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Apr 9, 2018

The Annunciation: ‘Greatest Event in Our History’

Sarah Christmyer

In Fra Angelico’s painting of the Annunciation, Mary listens to the golden words of Gabriel while the word of God—the Scripture she’s been reading—lays open on her lap. God’s word is about to become God’s Word; he’s about to take flesh in this young virgin.

Fra_Angelico_Annunciation

If it weren’t for Luke recording this scene in his Gospel, how would we know?

Setting aside that God surely would have found another way to get across what Pope Benedict XVI called “the greatest event in our history” (Our Lady of Loreta Square homily, Oct. 4, 2012)—it’s worth thinking, on this Feast of the Annunciation, about why the Incarnation matters.  This homey scene of the angelic encounter tells us that Mary’s son, Jesus of Nazareth, was conceived by the Holy Spirit—and thus is human and divine.

“Yeah,” we think.  “I know.  What’s the big deal?”  We’ve heard it so much, we rarely pause to question. But this was a huge issue for several centuries.  Who is Jesus?  How is he God and man?  Heresies arose one by one, among them these:

  •  Jesus only seemed to be human (Docetism).
  •  Jesus might be a great prophet, but he’s the natural son of Mary and Joseph (Ebionitism).
  •  Jesus is God’s first and greatest creation, not from the beginning with God and therefore not God (Arianism).
  • Jesus is a human body with a divine soul and psyche—so not fully human (Apollinarianism).

Against these and other wrong understandings of the nature of Jesus, the Church fought vigorously to proclaim the truth:  that Jesus of Nazareth is truly and fully God and truly and fully human, both at the same time.

So what difference does that make?

If the Holy Spirit did not overshadow Mary such that the child conceived in her was in fact the Son of God:

1.  We would know God only through Creation and his written revelation.

2.  We would know God only as a power “up there” somewhere, remote and unreachable. He would be something, not someone.

3.  We would not know God as someone who can relate to us in every way including temptation and suffering.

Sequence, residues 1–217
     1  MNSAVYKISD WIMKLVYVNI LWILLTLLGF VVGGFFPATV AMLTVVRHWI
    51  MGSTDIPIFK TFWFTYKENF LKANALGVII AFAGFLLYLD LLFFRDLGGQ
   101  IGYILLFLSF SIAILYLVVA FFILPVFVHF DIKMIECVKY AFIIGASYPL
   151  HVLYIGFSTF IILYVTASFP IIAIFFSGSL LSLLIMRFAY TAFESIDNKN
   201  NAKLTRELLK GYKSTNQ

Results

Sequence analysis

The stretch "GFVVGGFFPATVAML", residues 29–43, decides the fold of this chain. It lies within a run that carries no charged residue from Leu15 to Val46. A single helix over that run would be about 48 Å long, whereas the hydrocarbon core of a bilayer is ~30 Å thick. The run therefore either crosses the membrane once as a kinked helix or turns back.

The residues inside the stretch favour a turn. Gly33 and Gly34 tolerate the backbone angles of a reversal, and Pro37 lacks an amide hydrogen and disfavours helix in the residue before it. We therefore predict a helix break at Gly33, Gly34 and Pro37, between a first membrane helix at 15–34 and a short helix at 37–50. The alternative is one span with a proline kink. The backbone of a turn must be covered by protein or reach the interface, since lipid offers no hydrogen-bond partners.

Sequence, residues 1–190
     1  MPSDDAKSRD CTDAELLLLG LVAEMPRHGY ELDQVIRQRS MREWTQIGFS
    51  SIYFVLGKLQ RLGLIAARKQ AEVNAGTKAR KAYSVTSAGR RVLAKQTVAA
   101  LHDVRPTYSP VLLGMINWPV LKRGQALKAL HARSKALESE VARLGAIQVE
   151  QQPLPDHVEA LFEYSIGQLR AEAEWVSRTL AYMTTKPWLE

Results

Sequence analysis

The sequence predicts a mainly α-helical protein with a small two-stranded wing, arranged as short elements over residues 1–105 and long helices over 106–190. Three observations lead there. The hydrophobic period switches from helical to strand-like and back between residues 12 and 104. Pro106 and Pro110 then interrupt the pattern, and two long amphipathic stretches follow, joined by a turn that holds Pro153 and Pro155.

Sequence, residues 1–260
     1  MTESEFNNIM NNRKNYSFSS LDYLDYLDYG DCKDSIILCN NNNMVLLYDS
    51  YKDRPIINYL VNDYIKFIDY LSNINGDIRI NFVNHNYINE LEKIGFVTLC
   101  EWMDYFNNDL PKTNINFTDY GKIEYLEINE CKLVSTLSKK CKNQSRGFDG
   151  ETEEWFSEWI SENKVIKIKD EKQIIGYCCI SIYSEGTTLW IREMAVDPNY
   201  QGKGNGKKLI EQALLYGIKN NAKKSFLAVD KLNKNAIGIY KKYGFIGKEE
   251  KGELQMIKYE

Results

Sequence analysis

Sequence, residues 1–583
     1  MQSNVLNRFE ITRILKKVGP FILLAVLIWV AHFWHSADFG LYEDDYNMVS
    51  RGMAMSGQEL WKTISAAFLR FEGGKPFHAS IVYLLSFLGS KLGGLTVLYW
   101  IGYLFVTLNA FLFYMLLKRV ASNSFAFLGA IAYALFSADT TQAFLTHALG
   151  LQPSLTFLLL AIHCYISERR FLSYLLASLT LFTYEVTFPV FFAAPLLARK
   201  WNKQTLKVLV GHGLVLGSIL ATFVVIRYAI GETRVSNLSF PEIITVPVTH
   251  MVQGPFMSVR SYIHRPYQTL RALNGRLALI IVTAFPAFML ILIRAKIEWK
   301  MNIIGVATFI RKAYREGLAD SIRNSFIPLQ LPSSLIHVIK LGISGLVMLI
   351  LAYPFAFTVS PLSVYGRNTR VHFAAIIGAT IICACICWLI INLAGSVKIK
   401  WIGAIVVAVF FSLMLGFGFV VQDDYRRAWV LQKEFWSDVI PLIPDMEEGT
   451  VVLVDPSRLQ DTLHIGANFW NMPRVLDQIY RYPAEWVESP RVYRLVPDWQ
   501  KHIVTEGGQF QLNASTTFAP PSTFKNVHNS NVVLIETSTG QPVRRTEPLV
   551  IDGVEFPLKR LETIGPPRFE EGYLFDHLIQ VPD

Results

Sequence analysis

4.  We would not know God as Father-Son-Holy Spirit.

5.  We would not know God personally as Father.

6.  We would not know God as someone who loves us to the point of giving up everything and suffering and dying so we might live with him forever.

7.  We would not have seen God in his Son or know—based on Jesus’ words and example—how to truly live.

8.  We would not know it is possible for God to be conceived in us—that we might become his children, for that is what we are (see 1 John 3:1)!

And most of all

If Jesus was not truly God and truly man, he could not have bridged the chasm between us and God. His death would have been a tragedy, his resurrection no more effective for us than the resurrection of Lazarus.

Jesus could only do what he did because he is who he is.

The truth is, the son of God became a man so that we might become children of God (Catechism of the Catholic Church, 460)! And he did that through the humble “yes” of Mary.

God, who willed that your Word should take on the reality of human flesh in the womb of the Virgin Mary, grant, we pray, that we, who confess our Redeemer to be God and man, may merit to become partakers even in his divine nature. Who lives and reigns with you in the unity of the Holy Spirit, one God, for ever and ever.  Amen. (Collect for March 25, Feast of the Annunciation)

FOR FURTHER READING:

The Catechism of the Catholic Church provides a readable overview of the Church’s teaching on the Incarnation in the section “The Son of God Became Man,” nos. 456-483.

This article was first published on The Great Adventure Blog on March 25, 2015. © 2015 Sarah Christmyer


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